When we talk about migration, we assume the existence of borders. But what are borders? And should there be any? This is the topic of this episode with Bridget Anderson, Professor of Migration, Mobilities and Citizenship at the School of Sociology, Politics and International Studies at the University of Bristol. Bridget Anderson is well-known for her defence of No Borders, you can watch her TED talk here, as well as her 2013 book Us and Them? The Dangerous Politics of Immigration Control.
In September 2015, the president of the World Bank, Jim Yong Kim, King Abdullah of Jordan and David Cameron, then UK Prime Minister, met to discuss the so called Compact Model, to create jobs for refugees in Jordan. The Jordan Compact was agreed in early 2016 and a similar, but smaller scale Lebanon Compact followed.
Was the Compact Model the win-win solution everyone has been waiting for? In this episode I talk to journalists Daniel Howden and Charlotte Alfred at Refugees Deeply. They have investigated the impact of the Compact Models in Jordan and Lebanon and found that what was meant to work in certain ways on paper, turned out quite differently in practice. Read the full report here, a shorter version here and a further discussion here.
Ahmad al-Rashid came to the UK from Syria in 2015. The journey took 55 days and was partly documented in the BBC documentary Exodus: Our Journey. Since arriving in the UK, Ahmad al-Rashid has campaigned for refugees and refugee integration. He is working with the course Aim Higher: Access to Higher Education for Refugees and Asylum Seekers. He was awarded a SOAS Sanctuary Scholarship and has just finished a Master’s degree in Violence, Conflict and Development at SOAS, University of London. He has written about his journey, about refugee rights and the Arab Spring for example here and here. In this episode, he talks about getting to the UK, refugee integration, reforming the refugee system and how you support refugees before and after conflict.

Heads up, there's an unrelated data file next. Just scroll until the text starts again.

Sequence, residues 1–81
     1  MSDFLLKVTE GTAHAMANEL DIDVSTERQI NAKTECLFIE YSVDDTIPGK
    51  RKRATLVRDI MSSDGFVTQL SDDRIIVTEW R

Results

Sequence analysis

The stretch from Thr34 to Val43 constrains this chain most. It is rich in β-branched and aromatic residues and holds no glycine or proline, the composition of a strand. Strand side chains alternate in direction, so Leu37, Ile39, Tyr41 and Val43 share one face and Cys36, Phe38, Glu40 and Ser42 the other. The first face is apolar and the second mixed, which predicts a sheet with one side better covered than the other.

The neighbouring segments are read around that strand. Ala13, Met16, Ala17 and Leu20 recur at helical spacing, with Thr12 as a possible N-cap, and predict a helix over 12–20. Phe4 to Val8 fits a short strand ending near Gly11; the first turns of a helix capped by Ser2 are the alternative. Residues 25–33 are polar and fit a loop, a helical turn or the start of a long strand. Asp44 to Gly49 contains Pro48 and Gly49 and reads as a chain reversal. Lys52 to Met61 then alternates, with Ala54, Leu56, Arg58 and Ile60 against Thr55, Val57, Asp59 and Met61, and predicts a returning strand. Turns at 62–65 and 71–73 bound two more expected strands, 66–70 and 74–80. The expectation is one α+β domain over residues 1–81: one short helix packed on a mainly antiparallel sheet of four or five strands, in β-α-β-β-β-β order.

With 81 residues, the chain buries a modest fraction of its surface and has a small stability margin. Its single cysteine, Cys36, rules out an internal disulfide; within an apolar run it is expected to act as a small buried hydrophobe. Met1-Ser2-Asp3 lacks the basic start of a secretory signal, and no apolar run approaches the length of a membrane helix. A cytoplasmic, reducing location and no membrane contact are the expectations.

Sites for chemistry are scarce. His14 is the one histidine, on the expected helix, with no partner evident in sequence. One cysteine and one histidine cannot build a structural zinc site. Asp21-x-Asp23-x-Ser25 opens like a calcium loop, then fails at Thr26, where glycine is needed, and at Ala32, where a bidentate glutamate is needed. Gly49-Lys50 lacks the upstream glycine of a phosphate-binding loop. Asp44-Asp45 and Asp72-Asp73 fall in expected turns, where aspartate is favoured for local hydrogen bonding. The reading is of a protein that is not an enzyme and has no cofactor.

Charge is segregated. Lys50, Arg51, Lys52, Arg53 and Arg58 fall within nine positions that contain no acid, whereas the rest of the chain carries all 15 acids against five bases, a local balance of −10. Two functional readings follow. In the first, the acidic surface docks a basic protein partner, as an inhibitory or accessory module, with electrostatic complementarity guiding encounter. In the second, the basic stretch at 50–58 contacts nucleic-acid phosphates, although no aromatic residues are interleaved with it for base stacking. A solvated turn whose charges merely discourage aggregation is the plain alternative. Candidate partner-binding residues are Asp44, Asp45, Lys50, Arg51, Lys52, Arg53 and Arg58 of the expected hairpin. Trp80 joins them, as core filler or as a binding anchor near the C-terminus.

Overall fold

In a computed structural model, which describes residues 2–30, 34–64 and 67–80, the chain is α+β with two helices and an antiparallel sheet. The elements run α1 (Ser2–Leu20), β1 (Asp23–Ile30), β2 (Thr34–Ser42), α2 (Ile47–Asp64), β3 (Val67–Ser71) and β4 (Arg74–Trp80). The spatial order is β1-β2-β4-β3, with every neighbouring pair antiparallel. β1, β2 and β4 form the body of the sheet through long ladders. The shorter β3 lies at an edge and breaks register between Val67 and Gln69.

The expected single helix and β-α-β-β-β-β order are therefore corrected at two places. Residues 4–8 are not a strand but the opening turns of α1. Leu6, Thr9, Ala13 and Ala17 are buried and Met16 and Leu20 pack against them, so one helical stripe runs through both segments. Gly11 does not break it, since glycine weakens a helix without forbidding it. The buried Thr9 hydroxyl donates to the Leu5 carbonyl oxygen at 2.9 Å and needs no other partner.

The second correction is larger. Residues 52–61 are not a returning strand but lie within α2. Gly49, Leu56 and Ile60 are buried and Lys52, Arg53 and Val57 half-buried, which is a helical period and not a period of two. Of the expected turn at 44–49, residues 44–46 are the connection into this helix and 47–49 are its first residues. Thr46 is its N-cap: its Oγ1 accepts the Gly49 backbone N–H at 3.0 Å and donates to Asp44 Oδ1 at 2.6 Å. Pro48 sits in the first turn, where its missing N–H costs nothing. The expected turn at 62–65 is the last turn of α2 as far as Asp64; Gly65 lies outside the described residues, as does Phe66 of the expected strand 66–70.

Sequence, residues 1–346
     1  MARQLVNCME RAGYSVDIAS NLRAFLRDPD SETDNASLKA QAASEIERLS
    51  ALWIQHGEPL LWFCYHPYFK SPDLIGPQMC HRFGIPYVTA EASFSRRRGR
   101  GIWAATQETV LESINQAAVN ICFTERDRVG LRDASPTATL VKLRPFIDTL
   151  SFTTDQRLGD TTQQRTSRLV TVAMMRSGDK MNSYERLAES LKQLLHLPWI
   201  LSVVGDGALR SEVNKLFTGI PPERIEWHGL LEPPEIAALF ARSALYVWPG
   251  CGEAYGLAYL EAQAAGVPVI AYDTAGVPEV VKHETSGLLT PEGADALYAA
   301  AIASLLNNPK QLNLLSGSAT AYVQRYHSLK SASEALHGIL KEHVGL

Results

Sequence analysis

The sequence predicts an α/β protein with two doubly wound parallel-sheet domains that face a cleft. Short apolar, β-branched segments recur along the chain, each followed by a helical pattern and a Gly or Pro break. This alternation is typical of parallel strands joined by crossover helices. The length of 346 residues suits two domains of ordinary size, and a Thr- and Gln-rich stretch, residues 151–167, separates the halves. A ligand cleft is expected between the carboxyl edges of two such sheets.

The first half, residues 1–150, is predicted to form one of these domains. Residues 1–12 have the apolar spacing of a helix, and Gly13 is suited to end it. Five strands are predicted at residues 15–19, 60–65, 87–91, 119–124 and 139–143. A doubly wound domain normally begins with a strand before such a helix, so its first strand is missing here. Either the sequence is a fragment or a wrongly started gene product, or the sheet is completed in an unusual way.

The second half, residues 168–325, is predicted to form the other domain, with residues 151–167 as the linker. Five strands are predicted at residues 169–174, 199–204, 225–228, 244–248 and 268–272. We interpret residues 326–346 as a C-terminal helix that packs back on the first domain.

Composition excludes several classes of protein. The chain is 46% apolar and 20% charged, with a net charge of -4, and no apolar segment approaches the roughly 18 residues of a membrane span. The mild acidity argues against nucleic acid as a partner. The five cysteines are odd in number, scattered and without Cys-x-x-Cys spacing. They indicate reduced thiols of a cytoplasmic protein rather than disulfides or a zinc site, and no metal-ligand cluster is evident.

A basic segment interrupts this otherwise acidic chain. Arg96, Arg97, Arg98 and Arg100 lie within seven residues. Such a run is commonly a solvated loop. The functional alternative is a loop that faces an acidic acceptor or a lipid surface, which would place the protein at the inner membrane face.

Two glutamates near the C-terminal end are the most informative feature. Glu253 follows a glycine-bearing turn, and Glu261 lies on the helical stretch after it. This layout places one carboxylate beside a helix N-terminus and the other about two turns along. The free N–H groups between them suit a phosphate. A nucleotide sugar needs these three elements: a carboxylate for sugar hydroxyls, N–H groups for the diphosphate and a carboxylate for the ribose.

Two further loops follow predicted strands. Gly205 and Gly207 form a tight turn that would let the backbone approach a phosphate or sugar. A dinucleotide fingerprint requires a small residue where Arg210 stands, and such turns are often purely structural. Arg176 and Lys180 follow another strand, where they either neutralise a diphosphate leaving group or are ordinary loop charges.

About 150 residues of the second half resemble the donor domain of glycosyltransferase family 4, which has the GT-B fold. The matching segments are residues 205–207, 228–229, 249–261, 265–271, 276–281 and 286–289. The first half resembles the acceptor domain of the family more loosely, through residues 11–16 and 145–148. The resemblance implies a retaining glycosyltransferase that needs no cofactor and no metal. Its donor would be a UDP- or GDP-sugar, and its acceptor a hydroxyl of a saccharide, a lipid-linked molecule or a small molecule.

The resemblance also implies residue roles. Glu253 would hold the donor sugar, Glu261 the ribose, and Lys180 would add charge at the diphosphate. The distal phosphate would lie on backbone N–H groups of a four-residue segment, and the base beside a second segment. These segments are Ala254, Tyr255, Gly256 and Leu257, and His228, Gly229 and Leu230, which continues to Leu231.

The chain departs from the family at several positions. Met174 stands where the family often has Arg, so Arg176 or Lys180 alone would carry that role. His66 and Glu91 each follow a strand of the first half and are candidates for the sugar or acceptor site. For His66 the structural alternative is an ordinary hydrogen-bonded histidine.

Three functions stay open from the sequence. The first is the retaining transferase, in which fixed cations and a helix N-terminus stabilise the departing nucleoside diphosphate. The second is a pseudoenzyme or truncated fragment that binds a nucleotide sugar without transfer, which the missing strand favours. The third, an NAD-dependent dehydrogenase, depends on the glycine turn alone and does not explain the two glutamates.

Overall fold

Our world order is organised around sovereign states and each human being is meant to belong to at least one state where they are a citizen. Yet according to the UNHCR around 10 million people in the world are stateless – they do not have citizenship in any state. In a world completely occupied by territorially defined, sovereign states, what happens to those who do not belong anywhere? The topic has regained some urgency on the international political agenda as thousands of Rohingya, a stateless Muslim minority persecuted in Myanmar, have fled to Bangladesh in recent months. It is also the topic of a new book published by Routledge, Understanding Statelessness, edited by Tendayi Bloom, Phillip Cole and Katherine Tonkiss (use the code FLR40 for a discount).